Different anarchists will focus on fascist provocation differently, especially in relation to political violence, and although every anarchist has cause to worry about increased fascist activity within or against their communities and workplaces, their response will vary. All anarchists reject hierarchical structures of power, exploitation of one by another, inequality in all its forms, and the militarism and nationalism of totalitarian systems, as well as the various forms of Western liberalism and 'parliamentary democracy', but the manifestos of individual anarchist organisations in the UK itemise their priorities and illustrate their position regarding the political struggle against the far right. The most active anarchist groups are Solidarity Federation (SolFed), the Anarchist Federation (AFED), and 'the working class action group' Class War'. (8)

SolFed are anarcho-syndicalists affiliated to the International Workers Association (IWA) and previously known as Direct Action Movement (DAM) who played a key part in the formation and promotion of the militant Anti-Fascist Action (AFA) from 1985 to the late 1990s. On their website, SolFed reposted the Anti-Fascist Network (AFN) publicity for the 2016 AFN conference (9) and a link to the December, 2009 issue of Direct Action magazine that featured a cover story on the BNP.

A former member of London DAM produced one of the first accounts of AFA's militant style of anti-fascism called 'Bash The Fash' (2001) under the pseudonym 'K. Bullstreet' which also had a list of 'Survival Rules' that included advice like 'Never talk to the police', 'do one serious thing then get right away', and 'Keep yourself fit and sober' (K. Bullstreet, 2001, 26). DAM, along with Northern Class War and other anarchists groups, were very much involved in AFA's Northern Network that covered Liverpool, Manchester, Leeds, Sheffield and other main towns and cities. In the 1980s, Liverpool DAM organised with other anarchists around the Mutual Aid Centre, a large squat in the middle of the city, (10) and later, an ex-member of Liverpool AFA produced a pamphlet entitled 'Anti-Fascist Action--An Anarchist Perspective' which gives an idea about structure and culture of the Northern anti-fascist militants. It says that Red Action were strongest in London and Manchester (they were also strong in Glasgow) whereas the Northern Network was 'mainly organised by anarchists--sometimes in the DAM, sometimes not' and that 'apart from the regional groups of the DAM and Class War, there were also the Northern Anarchist Network' and that 'there were overlaps between different anarchist and activist scenes (Liverpool AFA, 2007, 6). SolFed's current manifesto rejects 'the state collaborationist strategy of groups such as Unite Against Fascism in favour of a class struggle approach to fighting the scourge of street-based racism and/or neo-fascism' and Solfed will only 'carry out anti-fascist activity with others through specifically class-struggle anti-fascist groups' (11) such as Anti-Fascist Network.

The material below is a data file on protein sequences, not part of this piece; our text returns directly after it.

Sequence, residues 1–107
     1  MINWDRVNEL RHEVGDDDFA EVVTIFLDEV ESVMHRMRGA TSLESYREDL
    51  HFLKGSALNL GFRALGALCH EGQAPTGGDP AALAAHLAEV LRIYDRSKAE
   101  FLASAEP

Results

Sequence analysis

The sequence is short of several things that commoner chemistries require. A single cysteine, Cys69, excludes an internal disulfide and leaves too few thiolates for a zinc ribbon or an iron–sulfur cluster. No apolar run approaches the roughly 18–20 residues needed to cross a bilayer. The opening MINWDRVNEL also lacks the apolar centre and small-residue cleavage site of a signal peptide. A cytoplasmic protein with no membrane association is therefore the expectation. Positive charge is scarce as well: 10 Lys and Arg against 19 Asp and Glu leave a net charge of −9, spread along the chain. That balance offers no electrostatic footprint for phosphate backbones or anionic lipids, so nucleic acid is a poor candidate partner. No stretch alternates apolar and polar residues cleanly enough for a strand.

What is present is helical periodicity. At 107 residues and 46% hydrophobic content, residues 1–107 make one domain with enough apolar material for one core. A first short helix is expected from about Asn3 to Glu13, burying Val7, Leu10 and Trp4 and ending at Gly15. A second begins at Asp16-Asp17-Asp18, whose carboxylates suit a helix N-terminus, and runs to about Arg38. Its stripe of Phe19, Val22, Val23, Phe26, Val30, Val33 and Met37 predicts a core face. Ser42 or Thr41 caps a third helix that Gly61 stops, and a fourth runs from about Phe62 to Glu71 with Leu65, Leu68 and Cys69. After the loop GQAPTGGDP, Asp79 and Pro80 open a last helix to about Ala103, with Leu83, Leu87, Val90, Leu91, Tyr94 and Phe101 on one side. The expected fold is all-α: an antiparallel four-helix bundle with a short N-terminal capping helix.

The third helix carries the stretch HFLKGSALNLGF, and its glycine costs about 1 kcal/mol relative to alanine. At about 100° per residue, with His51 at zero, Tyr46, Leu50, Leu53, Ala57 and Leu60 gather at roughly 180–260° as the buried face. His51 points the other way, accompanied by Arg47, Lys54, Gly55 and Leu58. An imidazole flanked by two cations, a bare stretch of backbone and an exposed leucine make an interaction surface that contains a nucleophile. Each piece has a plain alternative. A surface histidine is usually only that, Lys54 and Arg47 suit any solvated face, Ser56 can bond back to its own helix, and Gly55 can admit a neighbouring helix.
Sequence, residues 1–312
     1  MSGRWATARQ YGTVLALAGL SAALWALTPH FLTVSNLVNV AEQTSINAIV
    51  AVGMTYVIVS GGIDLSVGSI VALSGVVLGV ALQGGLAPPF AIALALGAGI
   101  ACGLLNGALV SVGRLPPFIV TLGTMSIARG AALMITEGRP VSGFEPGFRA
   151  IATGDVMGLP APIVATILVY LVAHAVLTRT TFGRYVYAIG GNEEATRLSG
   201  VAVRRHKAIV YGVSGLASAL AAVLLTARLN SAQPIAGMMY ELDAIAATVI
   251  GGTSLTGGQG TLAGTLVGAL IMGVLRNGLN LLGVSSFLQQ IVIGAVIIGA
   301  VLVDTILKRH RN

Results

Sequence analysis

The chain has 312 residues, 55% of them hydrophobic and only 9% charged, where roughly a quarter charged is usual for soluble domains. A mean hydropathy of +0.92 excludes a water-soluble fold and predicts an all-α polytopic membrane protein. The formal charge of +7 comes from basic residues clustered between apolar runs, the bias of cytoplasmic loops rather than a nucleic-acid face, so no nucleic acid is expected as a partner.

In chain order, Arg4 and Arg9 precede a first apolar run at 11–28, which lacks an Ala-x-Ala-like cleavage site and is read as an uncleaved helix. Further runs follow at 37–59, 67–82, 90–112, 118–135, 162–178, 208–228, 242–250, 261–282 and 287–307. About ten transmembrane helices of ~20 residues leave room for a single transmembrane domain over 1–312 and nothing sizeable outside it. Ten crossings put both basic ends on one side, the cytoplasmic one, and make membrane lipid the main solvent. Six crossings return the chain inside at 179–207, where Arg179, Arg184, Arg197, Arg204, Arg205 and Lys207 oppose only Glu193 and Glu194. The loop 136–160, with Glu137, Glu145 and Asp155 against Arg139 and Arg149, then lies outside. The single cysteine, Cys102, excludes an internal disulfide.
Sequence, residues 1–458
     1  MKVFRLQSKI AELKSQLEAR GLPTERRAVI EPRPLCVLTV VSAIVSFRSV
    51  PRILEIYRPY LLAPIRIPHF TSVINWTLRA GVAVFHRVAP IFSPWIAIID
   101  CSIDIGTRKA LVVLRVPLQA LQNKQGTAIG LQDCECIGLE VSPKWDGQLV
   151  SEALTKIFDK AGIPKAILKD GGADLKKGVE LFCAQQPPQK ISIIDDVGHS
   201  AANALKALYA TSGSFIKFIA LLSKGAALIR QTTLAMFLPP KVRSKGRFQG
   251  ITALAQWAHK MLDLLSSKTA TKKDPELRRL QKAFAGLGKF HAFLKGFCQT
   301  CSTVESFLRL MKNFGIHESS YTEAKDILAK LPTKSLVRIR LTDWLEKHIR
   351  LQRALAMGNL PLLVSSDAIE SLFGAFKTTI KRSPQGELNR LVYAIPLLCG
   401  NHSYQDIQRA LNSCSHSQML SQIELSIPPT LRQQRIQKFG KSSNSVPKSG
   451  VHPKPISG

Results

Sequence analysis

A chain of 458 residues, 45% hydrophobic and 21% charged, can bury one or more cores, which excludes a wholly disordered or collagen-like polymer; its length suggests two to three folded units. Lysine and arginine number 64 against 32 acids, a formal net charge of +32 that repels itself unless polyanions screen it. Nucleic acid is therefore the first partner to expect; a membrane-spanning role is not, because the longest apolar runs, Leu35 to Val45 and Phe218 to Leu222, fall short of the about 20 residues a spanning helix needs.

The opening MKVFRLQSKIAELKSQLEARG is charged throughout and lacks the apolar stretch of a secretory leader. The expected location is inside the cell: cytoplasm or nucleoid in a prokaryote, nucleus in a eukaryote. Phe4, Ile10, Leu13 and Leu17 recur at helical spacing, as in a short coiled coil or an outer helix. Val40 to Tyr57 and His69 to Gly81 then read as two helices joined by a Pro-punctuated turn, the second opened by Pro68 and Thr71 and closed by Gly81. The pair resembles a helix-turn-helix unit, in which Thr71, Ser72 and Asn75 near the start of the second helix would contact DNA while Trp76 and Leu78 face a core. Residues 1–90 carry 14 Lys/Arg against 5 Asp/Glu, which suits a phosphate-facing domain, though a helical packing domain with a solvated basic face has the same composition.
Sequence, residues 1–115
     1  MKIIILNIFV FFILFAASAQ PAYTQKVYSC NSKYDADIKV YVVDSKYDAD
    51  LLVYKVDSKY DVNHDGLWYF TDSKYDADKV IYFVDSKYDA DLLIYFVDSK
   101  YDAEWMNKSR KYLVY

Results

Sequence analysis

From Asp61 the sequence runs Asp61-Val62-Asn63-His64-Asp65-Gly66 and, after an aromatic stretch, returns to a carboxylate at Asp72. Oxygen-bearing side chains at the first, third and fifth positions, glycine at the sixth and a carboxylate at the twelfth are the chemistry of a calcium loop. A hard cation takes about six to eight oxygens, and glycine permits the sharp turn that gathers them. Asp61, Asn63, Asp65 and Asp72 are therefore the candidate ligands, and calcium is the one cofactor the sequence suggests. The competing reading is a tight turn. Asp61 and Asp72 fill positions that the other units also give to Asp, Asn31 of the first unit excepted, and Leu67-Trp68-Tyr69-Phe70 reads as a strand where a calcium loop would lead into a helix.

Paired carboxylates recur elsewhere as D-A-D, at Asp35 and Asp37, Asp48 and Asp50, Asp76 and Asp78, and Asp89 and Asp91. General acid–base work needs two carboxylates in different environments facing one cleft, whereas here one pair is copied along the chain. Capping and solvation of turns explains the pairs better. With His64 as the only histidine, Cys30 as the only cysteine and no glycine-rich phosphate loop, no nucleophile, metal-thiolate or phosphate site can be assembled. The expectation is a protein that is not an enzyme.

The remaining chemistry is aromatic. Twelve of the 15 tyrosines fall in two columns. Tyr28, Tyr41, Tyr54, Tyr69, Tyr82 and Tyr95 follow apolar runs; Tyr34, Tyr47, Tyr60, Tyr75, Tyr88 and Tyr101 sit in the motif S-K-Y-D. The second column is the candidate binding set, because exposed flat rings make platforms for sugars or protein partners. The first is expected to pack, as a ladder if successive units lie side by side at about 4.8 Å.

The Anarchist Federation (AFed) were originally the Anarchist-Communist Federation (ACF) and their website gives a class based analysis of racism as part of a system of oppression supporting 'working class struggles against racism, genocide, ethnocide and political and economic colonialism' and rejecting 'all forms of nationalism, as this only serves to redefine divisions in the international working class'. (12)

AFed published their online report about the disastrous attempt in 2015 by neo-Nazis to march through Liverpool, (13) linked to the AFN's article on the same (14) and also published a booklet Against Nationalism (2009) which puts the origins of nationalism into a broad historical context and analyses its role as a form of imperialism. (15)

Class War, the 'working class action group', have always been about provocation and their publicity generating activities first appealed to many activists and disenfranchised punks from the Anarcho-punk scene in the 1980s. At its peak, the Class War newspaper, Britain's Unruliest Tabloid, was the most popular anarchist publication in the UK with 15-20,000 copies being sold at anarchist meetings, demonstrations, and gigs. Like Solfed and AFed, Class War advance a class based analysis of socio-political problems like racism. Class War joined Anti-Fascist Action (AFA) at its inception in 1985 and despite attempts by the state influenced Searchlight organisation to smear them as we shall see presently (Birchall, 2010, 113-115) continued to battle fascism on the streets of the UK throughout the '80s and '90s.